Emphasizing the “equitable nature of bankruptcy,” the court noted that most courts agree that there is a “good faith” failing requirement in the context of involuntary petitions for bankruptcy. The Third Circuit also found policy reasons for allowing the dismissal of bad-faith filings. It will encourage creditors to file petitions for proper reasons such as to protect against the preferential treatment of other creditors or the dissipation of the debtor's assets, the court said.

‘Totality of Circumstances' Standard 

In determining the standard for evaluating bad faith, the appeals court noted that there are different tests such as improper use, improper purpose, and objective test. The Third Circuit, however, adopted the “totality of the circumstances” standard for determining bad faith under Section 303.

Looking at the totality of the circumstances, the court found that the bankruptcy court didn't abuse its discretion in finding that Dawson filed the involuntary petition in bad faith.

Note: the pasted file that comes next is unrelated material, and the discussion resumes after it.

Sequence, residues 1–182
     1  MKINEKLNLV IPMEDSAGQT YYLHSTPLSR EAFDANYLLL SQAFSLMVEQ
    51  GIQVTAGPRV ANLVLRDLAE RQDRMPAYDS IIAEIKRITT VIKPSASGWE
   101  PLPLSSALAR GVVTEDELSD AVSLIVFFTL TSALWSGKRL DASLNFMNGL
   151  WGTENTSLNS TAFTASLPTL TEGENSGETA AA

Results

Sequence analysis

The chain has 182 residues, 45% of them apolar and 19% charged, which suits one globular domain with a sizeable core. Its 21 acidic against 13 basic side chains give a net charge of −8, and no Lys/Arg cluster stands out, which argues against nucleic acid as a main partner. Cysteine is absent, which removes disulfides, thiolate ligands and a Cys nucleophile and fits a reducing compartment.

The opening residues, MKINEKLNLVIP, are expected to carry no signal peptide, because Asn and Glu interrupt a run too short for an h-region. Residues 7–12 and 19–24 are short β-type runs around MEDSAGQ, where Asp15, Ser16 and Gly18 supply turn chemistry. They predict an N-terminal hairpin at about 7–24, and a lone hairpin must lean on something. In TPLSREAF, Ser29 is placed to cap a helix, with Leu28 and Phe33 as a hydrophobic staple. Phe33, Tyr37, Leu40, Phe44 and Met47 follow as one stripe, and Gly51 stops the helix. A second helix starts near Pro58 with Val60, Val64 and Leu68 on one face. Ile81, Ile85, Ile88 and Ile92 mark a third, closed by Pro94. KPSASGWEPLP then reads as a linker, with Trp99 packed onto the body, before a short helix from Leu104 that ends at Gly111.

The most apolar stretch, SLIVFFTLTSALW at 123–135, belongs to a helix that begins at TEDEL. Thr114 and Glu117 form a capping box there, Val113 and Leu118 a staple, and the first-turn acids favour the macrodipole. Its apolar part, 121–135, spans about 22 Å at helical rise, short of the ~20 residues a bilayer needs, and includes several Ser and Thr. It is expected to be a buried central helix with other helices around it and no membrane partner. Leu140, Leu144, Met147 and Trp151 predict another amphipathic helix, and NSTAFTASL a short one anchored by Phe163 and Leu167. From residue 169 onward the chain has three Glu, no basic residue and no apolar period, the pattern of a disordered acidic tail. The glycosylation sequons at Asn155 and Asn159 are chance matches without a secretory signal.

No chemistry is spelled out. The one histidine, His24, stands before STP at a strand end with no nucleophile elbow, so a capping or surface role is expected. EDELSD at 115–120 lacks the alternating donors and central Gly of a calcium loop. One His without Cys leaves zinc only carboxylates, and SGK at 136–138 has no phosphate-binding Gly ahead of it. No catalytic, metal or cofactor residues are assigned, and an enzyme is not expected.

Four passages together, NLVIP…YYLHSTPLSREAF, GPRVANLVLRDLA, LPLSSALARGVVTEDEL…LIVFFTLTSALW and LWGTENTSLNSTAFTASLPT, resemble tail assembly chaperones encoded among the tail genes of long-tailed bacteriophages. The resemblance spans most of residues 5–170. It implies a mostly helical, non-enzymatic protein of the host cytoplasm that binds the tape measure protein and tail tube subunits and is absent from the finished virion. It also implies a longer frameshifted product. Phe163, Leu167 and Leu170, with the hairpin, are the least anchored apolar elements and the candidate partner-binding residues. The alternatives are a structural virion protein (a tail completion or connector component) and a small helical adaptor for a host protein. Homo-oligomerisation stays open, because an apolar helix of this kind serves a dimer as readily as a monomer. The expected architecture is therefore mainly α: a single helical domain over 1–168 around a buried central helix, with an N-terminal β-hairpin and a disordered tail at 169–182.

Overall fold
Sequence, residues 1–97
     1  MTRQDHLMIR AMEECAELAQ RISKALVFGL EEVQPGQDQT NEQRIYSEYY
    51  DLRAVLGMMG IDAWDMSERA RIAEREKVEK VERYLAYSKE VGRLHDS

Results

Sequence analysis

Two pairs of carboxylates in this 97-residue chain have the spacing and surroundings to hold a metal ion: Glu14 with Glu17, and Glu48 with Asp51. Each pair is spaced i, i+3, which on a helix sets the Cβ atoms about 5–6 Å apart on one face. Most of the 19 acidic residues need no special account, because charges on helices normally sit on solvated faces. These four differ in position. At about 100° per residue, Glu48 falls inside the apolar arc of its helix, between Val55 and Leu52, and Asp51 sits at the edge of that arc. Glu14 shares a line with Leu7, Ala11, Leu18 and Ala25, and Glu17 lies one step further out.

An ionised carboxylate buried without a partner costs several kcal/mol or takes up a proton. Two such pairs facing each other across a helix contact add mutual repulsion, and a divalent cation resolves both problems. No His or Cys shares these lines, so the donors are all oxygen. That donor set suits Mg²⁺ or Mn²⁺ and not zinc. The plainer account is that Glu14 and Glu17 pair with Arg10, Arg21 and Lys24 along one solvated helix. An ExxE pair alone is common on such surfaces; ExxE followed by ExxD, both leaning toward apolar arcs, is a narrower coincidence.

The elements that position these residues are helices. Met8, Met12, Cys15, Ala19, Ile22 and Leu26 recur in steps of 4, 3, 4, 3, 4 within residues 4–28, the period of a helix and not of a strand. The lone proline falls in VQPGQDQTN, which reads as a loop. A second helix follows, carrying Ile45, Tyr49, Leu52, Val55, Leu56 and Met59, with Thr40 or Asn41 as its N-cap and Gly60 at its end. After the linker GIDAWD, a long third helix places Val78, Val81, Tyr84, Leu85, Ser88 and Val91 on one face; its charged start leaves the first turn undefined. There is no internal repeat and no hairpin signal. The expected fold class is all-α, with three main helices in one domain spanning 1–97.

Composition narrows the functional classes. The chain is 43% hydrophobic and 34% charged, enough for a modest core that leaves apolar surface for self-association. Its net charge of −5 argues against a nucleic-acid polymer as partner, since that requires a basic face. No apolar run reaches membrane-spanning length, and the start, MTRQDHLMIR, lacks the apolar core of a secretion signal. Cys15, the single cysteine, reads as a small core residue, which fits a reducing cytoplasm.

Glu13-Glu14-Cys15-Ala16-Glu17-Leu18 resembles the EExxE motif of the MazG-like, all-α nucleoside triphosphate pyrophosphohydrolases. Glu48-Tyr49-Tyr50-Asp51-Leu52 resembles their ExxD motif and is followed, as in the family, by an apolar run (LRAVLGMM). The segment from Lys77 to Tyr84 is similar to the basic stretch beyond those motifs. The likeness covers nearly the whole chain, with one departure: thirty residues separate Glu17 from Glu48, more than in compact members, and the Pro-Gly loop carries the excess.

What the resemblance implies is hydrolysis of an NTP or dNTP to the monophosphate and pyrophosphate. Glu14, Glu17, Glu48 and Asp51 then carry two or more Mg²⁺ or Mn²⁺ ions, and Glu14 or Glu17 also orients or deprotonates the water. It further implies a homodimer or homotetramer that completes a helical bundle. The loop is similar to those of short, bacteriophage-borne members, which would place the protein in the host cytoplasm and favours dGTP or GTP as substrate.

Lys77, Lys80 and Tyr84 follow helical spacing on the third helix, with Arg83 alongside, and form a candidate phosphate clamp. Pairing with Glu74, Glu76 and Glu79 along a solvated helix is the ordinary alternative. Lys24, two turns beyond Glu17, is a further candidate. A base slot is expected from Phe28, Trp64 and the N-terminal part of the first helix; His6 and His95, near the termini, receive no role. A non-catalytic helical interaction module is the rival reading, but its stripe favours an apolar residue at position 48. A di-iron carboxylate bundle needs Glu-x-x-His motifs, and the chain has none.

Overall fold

‘Bar to Joinder' Rule 

The Third Circuit declined to take a stance on the “bar to joinder” rule because it was too late for any creditor to save the petition. Under the “bar to joinder” rule, a petition that was filed in bad faith can't be saved by joining good-faith creditors under Section 303(c) prior to dismissal. The court noted that most courts find this type of curing impermissible, but there is a minority of courts that finds this rule unjustified because it lumps good- and bad-faith filers together and punishes everyone.

There is no evidence that any creditor tried to join the petition before the case was dismissed, the court said. That leaves only two good-faith creditors when the statute requires three, the court said.

Senior Judges Richard Lowell Nygaard and Jane R. Roth joined the opinion.

Aris J. Karalis, Robert W. Seitzer, Maschmeyer Karalis, Philadelphia, represented debtor Forever Green Athletic Fields, Inc.; and Steven K. Eisenberg, Stern & Eisenberg, Warrington, Pa., represented appellants Charles C. Dawson and Kelli Dawson.

To contact the reporter on this story: Diane Davis in Washington at

To contact the editor responsible for this story: Jay Horowitz at

Full text at: